Services Sector Activity Weakens in September, Caixin Survey Shows
China’s services activity expanded at its weakest rate in almost two years in September, a Caixin survey showed Monday, offering further signs that growth momentum in the world’s second-largest economy may be slowing.
The Caixin China General Services Business Activity Index declined to 50.6 last month from 52.7 in August, the worst reading since December 2015, although it remains above the 50 mark that divides expansion from contraction. The drop follows a decline in the September Caixin China General Manufacturing Purchasing Managers’ Index (PMI) to 51.0 from 51.6 in August, the lowest reading since June.
The Caixin China Composite Output Index, which covers manufacturing and services companies, fell to 51.4 last month from 52.4 in August, also a three-month low.
“The expansion in both manufacturing and services cooled in September, suggesting downward pressure on economic growth may re-emerge in the fourth quarter,” Zhong Zhengsheng, director of macroeconomic analysis at CEBM Group, a subsidiary of Caixin Insight Group, said in a statement.
China’s economic growth as measured by gross domestic product (GDP) was 6.9% in the first six months of this year, exceeding the government’s annual expansion target of around 6.5%. But many analysts expect the pace to moderate in the fourth quarter and in 2018 due to a cooling property market, weaker expansion in infrastructure investment and the government’s campaign to rein in financial risks.
The International Monetary Fund has forecast GDP growth will slow in the second half of the year to give a full-year increase of 6.7%. It sees a further moderation to 6.4% in 2018.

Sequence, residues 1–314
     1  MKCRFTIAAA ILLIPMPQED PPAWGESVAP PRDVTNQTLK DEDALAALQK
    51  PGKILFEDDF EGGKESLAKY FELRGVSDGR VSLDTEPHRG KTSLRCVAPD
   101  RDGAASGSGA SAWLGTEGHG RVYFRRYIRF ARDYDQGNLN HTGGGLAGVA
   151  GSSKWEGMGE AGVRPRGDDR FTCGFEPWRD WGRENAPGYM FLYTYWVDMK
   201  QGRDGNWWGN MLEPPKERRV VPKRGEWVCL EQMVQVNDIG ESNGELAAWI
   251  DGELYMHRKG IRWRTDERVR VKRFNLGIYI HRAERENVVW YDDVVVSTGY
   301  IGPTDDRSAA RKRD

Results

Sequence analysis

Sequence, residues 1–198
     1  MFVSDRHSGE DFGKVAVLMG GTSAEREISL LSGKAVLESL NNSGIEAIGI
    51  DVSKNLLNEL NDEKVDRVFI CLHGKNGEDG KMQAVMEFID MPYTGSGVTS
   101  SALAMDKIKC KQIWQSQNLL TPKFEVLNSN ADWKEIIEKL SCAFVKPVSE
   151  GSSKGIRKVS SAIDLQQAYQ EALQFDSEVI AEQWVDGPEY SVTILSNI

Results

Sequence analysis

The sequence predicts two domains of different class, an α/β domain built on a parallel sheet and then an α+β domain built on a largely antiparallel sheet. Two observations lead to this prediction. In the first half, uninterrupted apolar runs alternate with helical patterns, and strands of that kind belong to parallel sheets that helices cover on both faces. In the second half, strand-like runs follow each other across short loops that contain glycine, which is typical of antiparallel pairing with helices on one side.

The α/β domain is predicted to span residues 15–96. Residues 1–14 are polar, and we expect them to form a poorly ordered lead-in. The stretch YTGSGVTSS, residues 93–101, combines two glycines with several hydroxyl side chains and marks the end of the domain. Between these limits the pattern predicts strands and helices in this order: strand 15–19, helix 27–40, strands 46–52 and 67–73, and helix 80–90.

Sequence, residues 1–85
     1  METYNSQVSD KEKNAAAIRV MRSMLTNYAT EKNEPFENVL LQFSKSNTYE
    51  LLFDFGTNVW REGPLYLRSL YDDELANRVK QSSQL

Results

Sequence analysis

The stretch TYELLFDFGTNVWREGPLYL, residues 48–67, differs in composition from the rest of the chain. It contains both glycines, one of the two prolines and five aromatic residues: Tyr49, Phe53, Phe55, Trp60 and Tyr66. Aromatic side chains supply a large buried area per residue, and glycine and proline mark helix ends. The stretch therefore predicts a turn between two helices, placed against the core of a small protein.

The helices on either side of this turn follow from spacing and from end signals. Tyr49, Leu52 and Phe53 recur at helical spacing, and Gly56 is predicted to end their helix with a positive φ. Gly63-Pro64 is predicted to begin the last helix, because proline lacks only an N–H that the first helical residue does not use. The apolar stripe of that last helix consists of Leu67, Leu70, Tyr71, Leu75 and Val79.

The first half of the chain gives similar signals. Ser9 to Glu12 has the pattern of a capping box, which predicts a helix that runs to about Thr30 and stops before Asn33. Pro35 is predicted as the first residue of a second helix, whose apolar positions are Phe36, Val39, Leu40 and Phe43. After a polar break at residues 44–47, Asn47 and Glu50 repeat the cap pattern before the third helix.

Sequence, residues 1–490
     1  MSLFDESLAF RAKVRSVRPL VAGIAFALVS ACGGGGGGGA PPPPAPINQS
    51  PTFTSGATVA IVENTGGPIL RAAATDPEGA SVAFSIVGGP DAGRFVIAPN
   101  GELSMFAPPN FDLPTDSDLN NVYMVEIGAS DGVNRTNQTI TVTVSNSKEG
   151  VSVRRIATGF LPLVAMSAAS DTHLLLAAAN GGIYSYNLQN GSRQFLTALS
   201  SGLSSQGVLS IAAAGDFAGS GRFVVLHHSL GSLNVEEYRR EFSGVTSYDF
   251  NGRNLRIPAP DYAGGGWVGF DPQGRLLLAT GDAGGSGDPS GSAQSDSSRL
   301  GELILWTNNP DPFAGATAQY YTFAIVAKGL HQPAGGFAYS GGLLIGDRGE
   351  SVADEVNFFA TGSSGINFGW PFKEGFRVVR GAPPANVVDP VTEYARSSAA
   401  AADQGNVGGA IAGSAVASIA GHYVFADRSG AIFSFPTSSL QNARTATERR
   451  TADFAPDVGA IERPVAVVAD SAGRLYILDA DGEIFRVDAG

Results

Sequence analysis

The services sector — which includes finance, real estate services and marketing, transportation, and retailing — has become an increasingly important part of the Chinese economy, reflecting a shift away from traditional heavy-industry manufacturing and exports.
Also known as the tertiary sector, it accounted for 51.6% of the country’s economic output in 2016, up from 50.2% in 2015, and contributed to nearly 60% of growth in the gross domestic product, according to the National Bureau of Statistics (NBS). The services sector is more labor-intensive than manufacturing, and policymakers are counting on it to create more jobs.
The Caixin services PMI, sponsored by Caixin and compiled by international information and data analytics provider IHS Markit Ltd., showed new orders rose more slowly than in August, which contributed to the weaker pace of hiring — payroll numbers expanded only marginally in September.
Even so, the positive reading for employment in the services PMI largely offset the contraction in hiring seen in the manufacturing PMI, leaving the overall employment reading in the Composite Output Index little changed for the second month in a row.
The rise in input prices in the services sector accelerated for the second month in a row, the survey showed, but it has been far milder than in industry, where costs increased at the fastest rate in nine months in September on higher raw material prices, according to the Caixin manufacturing PMI.
Weakening expansion in output and new business dampened overall business confidence in September, with both manufacturers and services providers showing less optimism than the previous month.
Caixin’s services and manufacturing PMIs for September both diverged from the surveys published by the National Bureau of Statistics on Sept. 30. The official manufacturing PMI rose to 52.4 in September, the highest since April 2012, as growth in new orders reached its highest level in more than five years. The official non-manufacturing PMI, which covers the services industry and the construction sector, rose to 55.4 in September, the highest reading since May 2014, on strong growth in building activity as the industry enters its busy season.
Contact reporter Fran Wang (firstname.lastname@example.org)
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